A baby baboon is born with an instinct to grasp tightly with both hands and feet.
They need this ability to cling to their mothers chest as she makes her way through trees or brush.
The female will be pregnant for 6 months and give birth to one, very rarely two, youngsters.
A baby baboon is called an infant and is helpless at birth.
The eyes are open however, and the infant is well furred.
The newborn baboon also has the typical young primates ingrained gripping reflex, and is able to hold itself against its mothers belly with tightly grasping hands and feet almost immediately after birth.
Infants ride against the mothers stomach or chest for the first several weeks, and then begin to ride on her back, usually in an upright position like a little jockey.
Baboon babies are extremely intelligent, alert and curious.
Within a few weeks the youngsters begin to explore their world climbing, running and jumping.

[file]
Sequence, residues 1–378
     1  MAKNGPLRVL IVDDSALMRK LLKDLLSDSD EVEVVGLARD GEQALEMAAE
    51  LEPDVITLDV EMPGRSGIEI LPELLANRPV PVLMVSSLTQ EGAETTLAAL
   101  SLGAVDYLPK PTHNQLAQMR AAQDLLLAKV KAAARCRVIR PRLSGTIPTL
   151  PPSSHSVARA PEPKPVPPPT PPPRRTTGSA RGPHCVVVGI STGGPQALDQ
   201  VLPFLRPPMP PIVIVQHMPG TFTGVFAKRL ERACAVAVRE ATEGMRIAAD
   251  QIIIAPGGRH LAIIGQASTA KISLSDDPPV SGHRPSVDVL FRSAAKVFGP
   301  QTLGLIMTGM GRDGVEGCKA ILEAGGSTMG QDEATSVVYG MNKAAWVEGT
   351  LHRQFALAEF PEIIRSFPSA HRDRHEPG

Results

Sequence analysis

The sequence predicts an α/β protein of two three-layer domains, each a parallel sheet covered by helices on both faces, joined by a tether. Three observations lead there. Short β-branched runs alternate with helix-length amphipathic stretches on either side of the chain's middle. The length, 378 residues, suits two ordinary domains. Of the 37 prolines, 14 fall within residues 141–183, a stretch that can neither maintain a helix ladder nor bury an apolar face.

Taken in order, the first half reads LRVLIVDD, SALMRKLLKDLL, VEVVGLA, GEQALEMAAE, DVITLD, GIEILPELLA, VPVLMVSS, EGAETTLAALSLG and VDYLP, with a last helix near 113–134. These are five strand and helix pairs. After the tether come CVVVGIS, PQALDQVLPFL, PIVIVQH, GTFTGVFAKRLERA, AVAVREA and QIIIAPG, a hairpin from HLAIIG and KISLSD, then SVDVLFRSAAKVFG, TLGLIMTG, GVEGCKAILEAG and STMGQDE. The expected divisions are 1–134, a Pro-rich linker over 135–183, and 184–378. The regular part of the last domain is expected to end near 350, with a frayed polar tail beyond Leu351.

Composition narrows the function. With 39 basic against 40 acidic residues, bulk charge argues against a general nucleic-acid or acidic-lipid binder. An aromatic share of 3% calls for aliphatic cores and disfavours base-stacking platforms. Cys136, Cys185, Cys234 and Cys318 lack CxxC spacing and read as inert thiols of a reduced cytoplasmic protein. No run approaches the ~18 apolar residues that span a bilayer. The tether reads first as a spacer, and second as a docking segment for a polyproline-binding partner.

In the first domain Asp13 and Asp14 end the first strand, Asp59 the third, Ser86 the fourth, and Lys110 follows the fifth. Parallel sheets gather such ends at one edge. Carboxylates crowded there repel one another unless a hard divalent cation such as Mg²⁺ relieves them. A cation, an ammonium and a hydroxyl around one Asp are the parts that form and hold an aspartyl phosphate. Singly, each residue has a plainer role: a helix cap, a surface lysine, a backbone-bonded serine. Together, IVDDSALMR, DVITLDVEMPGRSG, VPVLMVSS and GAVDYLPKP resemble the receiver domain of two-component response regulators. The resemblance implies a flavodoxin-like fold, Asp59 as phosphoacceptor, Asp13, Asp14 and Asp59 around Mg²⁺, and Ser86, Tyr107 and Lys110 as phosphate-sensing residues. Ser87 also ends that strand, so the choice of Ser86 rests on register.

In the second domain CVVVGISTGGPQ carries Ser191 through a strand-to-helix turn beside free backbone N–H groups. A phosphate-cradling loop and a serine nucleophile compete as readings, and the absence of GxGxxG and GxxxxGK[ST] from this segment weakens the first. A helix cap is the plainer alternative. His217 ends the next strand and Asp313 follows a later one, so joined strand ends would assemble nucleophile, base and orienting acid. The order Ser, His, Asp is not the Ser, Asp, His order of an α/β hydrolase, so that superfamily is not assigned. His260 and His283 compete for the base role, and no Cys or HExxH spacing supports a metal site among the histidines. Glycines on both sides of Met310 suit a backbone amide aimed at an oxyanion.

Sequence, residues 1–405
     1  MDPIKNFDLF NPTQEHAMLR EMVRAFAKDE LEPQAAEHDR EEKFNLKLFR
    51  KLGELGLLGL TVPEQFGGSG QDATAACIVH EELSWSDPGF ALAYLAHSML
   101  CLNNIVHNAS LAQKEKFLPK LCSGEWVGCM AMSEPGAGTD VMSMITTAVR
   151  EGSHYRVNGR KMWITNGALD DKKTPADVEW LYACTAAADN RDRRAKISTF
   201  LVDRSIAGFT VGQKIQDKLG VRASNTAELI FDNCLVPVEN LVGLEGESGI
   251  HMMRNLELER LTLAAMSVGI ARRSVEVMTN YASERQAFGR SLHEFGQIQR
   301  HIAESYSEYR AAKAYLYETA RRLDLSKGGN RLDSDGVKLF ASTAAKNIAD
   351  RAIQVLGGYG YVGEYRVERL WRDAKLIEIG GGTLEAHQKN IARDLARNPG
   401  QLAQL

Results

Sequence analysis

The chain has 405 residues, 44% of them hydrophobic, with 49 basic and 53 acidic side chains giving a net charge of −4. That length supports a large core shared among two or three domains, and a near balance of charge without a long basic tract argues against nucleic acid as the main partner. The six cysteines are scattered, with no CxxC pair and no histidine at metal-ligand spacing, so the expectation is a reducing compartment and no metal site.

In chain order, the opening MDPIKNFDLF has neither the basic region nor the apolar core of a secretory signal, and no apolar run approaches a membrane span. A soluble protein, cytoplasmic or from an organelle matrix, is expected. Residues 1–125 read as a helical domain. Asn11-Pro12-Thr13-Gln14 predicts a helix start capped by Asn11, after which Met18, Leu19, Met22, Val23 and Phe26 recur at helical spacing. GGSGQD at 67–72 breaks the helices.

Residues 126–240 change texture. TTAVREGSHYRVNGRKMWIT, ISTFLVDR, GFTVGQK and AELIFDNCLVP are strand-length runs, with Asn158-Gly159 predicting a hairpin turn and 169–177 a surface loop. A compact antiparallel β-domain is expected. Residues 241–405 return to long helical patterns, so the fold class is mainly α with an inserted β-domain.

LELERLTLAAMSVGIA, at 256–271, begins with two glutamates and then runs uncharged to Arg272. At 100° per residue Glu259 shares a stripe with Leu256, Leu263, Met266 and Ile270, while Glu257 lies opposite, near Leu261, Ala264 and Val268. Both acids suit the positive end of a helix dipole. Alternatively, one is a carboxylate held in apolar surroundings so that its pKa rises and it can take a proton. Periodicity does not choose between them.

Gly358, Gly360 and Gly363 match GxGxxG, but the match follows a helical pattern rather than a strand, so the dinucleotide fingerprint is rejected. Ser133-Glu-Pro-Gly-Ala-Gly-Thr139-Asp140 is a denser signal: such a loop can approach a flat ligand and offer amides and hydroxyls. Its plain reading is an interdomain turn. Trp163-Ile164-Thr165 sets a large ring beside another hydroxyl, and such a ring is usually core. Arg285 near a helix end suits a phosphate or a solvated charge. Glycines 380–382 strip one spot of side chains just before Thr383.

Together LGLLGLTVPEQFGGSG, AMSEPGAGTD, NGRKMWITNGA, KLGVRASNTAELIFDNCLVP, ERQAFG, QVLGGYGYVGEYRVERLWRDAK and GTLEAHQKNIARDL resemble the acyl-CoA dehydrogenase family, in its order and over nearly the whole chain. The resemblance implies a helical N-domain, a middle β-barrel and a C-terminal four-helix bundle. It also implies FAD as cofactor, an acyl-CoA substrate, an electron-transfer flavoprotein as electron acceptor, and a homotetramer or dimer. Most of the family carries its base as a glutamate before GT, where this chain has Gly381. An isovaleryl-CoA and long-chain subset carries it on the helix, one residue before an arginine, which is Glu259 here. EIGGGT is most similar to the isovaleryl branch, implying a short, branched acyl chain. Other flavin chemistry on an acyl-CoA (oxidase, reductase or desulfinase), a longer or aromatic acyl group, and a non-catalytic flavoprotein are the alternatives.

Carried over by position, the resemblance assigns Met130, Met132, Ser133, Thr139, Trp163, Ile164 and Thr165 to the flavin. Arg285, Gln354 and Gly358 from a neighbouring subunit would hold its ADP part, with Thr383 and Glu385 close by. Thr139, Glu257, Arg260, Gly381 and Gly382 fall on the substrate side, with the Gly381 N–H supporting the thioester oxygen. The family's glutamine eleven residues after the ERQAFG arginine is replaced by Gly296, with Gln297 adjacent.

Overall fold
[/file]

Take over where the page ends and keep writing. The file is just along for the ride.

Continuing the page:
They spend lots of time with their peers in active and exciting playgroups overlooked by several moms.
Female baboons are cooperative in the rearing of young, and are as fiercely protective of their friends youngsters as they are their own.
Mothers can also be seen giving little lessons and demonstrations to groups of youngsters, and sharing food with multiple kids in the neighborhood.
Males can be helpful with child rearing as well, and will also actively defend any baby baboons from predators.
Baby baboons sometimes fall victim to snakes, eagles, African wild dogs, lions and hyenas.
Chimpanzees have also been known to hunt and kill not only baby baboons but adults as well.
The baboon society is matrilineal in form, which means that mothers, daughters and grandmothers stay together for their lifetimes.
The female baboons in the troop retain the culture and social structure, and pass on this knowledge to the next generation.
The social rank of the mother is usually passed along to the daughter.
Young females stay with their troop for life, but young males usually move on to another troop.
They earn their way in by winning favor with females and sometimes older males by submissive grooming and friendship behaviors, or in some species, with active fighting to gain rank.
This period in a young males life is called "dispersal", and usually occurs sometime around the 7th or 8th year. Males will occasionally live in several different troops over their lifetime.
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